On September 9, Abel Alves presented “Images of Animals in the Early Modern Spanish Empire” at University College London. The presentation was part of a daylong symposium on the visual representation of nonhuman animals in literature, art, film and other forms of documentation entitled “Animals in Visual Hispanism” organized by Jo Evans of the University College London and Sarah Wright of the Royal Holloway University of London.
Aside from the organizers’ respective talks on animals in the films of Luis Buñuel and the muteness of dogs in recent Chilean films, John Beusterien, author of Canines in Cervantes and Velázquez: An Animal Studies Reading of Early Modern Spain, presented on Spanish efforts to belittle the Americas by portraying the armadillo as a horse. Three other talks by Carrie Hamilton, Lourdes Orozco and Ryan Prout rounded out the day, which also included discussion with an audience contributing much to the growing field of animal studies in the global Hispanic world. Audience participants included Helen Cowie, author of Conquering Nature in Spain and Its Empire, 1750-1850, and Stanford University graduate student Mackenzie Cooley, who is digitally mapping the appearances of nonhuman animals in the early modern relaciones geográficas.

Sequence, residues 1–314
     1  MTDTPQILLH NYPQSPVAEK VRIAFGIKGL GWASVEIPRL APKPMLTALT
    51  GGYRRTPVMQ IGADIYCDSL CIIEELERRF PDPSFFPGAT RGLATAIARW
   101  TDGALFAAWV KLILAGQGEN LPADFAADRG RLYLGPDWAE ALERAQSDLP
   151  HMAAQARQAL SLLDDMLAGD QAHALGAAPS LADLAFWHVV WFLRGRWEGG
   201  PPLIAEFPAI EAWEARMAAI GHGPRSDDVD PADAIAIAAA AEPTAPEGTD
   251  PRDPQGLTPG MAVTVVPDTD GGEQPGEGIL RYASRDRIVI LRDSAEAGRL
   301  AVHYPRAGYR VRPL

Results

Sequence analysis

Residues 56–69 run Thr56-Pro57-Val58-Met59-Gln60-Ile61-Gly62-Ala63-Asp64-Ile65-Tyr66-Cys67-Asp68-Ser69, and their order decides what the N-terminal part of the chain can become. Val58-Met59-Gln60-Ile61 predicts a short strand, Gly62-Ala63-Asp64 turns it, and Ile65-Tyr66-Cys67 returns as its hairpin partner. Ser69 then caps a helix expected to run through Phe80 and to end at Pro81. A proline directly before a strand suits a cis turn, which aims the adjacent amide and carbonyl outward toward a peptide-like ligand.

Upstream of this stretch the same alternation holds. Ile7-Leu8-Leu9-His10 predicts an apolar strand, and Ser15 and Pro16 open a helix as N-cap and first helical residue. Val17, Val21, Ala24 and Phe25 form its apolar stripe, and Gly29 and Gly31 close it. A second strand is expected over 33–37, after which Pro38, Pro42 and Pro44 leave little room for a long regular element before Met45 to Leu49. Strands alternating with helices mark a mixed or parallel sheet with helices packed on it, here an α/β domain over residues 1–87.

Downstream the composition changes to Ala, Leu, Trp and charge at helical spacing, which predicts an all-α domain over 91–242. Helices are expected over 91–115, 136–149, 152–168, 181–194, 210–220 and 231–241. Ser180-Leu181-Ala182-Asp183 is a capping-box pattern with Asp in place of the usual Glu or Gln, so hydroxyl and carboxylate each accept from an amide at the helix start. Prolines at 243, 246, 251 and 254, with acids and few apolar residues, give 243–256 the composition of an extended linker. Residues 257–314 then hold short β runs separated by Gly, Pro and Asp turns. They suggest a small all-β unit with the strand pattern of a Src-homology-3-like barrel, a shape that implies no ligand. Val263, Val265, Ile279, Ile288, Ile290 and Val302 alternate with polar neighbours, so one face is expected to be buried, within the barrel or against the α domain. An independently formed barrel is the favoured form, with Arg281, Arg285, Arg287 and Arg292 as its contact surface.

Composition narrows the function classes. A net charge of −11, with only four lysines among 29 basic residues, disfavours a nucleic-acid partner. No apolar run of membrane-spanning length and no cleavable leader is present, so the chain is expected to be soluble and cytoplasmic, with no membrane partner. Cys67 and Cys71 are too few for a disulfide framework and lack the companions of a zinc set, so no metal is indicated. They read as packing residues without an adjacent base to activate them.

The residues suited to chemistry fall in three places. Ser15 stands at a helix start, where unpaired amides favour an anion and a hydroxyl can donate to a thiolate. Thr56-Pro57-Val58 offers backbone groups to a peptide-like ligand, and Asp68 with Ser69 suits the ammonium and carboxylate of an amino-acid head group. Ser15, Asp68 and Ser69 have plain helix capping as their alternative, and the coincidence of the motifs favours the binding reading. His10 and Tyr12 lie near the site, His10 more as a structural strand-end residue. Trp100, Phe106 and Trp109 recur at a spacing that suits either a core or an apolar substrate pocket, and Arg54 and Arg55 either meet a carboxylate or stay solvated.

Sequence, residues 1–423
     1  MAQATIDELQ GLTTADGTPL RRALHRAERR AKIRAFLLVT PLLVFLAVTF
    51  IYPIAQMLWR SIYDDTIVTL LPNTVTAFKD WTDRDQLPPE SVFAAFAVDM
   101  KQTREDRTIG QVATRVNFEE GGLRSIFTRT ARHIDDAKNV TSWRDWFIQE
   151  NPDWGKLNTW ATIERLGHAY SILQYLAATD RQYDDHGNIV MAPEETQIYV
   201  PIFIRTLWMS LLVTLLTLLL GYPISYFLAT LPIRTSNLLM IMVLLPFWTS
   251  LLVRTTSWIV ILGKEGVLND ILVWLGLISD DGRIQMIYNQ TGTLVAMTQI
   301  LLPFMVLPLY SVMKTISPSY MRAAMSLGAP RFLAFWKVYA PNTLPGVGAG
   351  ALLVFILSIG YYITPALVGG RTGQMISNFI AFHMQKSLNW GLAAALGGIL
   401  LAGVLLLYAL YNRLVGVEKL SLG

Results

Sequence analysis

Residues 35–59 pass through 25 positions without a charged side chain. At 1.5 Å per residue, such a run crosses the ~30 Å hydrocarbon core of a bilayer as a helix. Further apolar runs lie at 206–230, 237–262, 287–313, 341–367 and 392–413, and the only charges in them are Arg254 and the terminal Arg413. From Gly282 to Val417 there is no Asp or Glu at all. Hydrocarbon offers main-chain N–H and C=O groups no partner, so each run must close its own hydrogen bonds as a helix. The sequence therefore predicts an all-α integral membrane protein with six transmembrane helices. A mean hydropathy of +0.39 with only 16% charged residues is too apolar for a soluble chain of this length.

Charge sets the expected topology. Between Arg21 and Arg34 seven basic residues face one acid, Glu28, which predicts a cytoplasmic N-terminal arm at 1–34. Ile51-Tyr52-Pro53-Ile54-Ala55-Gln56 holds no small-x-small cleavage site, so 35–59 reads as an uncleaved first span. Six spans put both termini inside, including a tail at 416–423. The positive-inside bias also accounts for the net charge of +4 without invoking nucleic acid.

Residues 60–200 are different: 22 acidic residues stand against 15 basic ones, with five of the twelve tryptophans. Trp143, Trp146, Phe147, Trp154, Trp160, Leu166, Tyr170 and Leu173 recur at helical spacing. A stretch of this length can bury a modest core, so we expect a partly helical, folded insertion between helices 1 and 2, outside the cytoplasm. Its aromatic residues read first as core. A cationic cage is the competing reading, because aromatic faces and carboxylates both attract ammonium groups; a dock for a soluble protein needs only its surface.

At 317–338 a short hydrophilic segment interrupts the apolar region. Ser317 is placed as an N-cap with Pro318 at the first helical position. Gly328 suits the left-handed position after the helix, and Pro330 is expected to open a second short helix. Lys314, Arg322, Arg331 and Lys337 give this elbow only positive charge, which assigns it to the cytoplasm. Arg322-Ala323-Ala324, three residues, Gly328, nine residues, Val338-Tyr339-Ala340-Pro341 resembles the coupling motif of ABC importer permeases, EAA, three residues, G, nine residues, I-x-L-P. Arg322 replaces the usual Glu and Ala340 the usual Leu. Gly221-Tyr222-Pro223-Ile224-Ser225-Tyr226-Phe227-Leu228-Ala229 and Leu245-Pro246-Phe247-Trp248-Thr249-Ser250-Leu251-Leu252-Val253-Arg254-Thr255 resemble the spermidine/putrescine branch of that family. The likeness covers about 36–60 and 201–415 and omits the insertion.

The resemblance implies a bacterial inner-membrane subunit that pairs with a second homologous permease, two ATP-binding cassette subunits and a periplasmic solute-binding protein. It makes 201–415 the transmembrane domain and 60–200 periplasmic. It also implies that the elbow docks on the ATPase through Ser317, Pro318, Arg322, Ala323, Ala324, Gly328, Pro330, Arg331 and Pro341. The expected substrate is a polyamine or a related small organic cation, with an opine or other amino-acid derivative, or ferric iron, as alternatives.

After the symposium, Professor Alves spent Saturday touring London’s Bloomsbury district and visiting the British Museum.